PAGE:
“The home bridges affordability and ecological design and construction, while highlighting green-building materials and methods that are easy to obtain and simple to use.”
The above image is a scale model of our new family home viewed from the south. Like most architects, the design and re-design of our family home was de rigueur. In 2000, we completed a second-story addition to our 1960s bungalow. The home modifications were designed primarily to accommodate the growing needs of our family of five. Accessibility and sustainability were also important architectural concerns. The sustainable features include passive solar design; a well insulated building envelope, low-flow toilets, and a green roof. To make the home more accessible, all public spaces are clustered on the ground floor; we poured a sloping sidewalk at the front entrance.
The above image shows the front view of our new two-story home, facing east.
The home is located in a quiet late sixties south-side suburb along a beautiful street lined with elm trees. The existing 1400 SF bungalow doubled in size, with the renovated home providing more room for the family and for my home office. The addition to the home goes up rather than out. Located at the intersection of two back lanes, the home is sited on an east-west axis. Its south side faces one of the two lanes with better access to the sun. The home location is ideal with the added advantage of being located in a mature neighborhood close to a variety of amenities and public transportation.
The above floor plan drawing illustrates the main floor of the home, wherein all the public spaces of the house are clustered, including my home office.
The office has a separate entrance at the front of the house, which can easily be blocked off from, or opened up to the rest of the living space, depending on the family’s needs. In the future, the space could be used as an in-law suite, or for an adult child still living at home. The crisp lines of this design are clearly inspired by the work of the early modernists with the house acting as a backdrop to human activities. A variety of box forms, devoid of any unnecessary embellishments, articulate the various functions of the building. Like later modernists, such as Alvar Aalto, the house utilizes a more human scale and warmer local building materials. Indeed, this house renovation looks to the past for inspiration, although it is more focused on today’s social and political conditions, and on our need to respect our fragile environment.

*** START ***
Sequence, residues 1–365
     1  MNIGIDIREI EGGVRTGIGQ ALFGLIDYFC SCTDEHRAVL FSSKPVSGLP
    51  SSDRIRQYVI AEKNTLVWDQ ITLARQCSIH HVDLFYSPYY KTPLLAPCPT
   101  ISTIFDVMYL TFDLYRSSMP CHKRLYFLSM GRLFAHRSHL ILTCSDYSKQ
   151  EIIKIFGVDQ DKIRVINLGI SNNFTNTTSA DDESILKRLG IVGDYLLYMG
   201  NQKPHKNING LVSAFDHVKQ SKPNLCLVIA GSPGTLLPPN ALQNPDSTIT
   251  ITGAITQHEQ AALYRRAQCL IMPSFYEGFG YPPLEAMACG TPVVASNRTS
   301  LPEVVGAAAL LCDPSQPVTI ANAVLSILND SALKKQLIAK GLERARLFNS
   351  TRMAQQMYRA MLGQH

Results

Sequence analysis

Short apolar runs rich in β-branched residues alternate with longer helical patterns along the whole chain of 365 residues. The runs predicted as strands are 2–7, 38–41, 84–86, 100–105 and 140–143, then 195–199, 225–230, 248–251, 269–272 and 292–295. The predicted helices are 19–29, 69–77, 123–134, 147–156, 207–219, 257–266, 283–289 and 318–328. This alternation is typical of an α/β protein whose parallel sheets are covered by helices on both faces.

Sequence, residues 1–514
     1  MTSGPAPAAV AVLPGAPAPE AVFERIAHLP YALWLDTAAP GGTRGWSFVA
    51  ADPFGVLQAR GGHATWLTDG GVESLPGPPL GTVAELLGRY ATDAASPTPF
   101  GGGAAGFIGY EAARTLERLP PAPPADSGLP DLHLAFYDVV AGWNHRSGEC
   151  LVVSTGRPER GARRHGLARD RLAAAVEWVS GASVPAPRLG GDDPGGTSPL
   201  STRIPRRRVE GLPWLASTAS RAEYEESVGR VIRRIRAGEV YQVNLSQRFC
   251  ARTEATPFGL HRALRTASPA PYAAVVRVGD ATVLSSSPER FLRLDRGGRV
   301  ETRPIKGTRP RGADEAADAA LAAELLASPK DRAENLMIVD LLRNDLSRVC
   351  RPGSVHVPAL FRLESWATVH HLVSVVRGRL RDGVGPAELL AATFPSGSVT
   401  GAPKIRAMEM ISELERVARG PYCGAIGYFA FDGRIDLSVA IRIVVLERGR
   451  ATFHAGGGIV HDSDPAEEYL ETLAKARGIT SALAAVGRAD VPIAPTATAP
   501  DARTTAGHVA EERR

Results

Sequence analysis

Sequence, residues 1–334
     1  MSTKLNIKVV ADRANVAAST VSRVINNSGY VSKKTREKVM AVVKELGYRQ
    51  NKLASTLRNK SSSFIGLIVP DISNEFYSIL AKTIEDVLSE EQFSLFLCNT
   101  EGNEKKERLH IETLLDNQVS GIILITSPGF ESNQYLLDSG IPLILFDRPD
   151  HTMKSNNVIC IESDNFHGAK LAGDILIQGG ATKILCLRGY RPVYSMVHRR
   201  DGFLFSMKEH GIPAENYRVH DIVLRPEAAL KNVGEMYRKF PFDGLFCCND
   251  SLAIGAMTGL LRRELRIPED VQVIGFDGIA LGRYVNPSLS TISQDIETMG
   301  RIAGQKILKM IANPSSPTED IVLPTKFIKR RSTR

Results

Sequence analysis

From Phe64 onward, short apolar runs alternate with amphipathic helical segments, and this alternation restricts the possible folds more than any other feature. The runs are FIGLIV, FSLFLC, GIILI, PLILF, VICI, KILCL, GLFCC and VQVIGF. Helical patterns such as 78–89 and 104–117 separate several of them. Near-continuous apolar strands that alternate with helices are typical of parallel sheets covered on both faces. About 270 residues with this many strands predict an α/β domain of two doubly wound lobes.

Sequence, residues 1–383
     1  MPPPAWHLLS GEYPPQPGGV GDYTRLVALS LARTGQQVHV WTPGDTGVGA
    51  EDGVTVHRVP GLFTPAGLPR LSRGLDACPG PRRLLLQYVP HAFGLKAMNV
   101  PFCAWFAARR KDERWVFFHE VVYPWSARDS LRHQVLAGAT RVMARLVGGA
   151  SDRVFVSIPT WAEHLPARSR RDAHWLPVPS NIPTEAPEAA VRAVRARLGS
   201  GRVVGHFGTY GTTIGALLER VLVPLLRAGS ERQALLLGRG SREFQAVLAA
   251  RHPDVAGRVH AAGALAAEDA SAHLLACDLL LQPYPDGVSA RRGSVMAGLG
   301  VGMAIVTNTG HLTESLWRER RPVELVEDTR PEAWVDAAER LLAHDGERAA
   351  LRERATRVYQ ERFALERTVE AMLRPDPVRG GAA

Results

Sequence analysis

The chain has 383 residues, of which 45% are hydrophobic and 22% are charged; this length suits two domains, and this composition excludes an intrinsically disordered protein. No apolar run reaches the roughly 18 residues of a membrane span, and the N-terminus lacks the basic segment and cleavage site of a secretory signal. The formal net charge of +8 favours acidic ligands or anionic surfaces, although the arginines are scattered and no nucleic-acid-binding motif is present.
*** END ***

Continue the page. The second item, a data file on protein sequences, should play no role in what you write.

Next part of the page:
The above floor plan illustrates the second floor of the home.
The design is straightforward with the house functions clearly divided into their constituent parts and the building’s form derived from the order of the interior and exterior spaces. A northern, two-story block contains the private spaces with four bedrooms on the second floor, and a home office, a sitting room, and a garage on the main floor. A south facing one-story block contains the public spaces on the main floor, topped off by a roof deck. A distinct third block, built at a height between the two other blocks, weaves the private and public realms together. This in-between space contains two levels of circulation complete with sitting areas, and serves to provide a positive connection between the public and private functions. Architects should spend more design time on these in-between spaces, since they are critical in imbuing meaning to the various functions in a single-family dwelling and in an entire city. Carefully constructed outdoor spaces also link the home to the rest of the community. The design of these outdoor rooms—the roof deck, front courtyard, and back play area—are every bit as important as the indoor spaces providing variety and personalization to this design.
The image of the stairs leading to the second floor utilizes color and textural contrast to help persons with low vision in their wayfinding. The stairs are finished in dark slate tile with light colored maple nosings. The high contrast makes it very easy for users to identify each individual stair. My design decisions—to be as accessible as possible— are based on maximizing the experiences of end users. There are no steps at the front door, allowing persons in wheelchairs to access the main floor independently. A residential elevator would be required to make the second floor wheelchair accessible. The home also bridges affordability and ecological design and construction, while highlighting green-building materials and methods that are easy to obtain and simple to use.
The image beside is a rendering by Jared Schmidts of my father moving up the sloping sidewalk to the front door of my house, from my adult children’s book Accessible Architecture: A Visit from Pops. “Buildings should never be designed simply as sculpted objects to be viewed; the design aims to be usable by as many people as possible. When architects design buildings that cannot accommodate people with disabilities and others, the strength of their design is compromised. Accessible architecture is not about limiting design options. It is about bringing value and meaning to design.”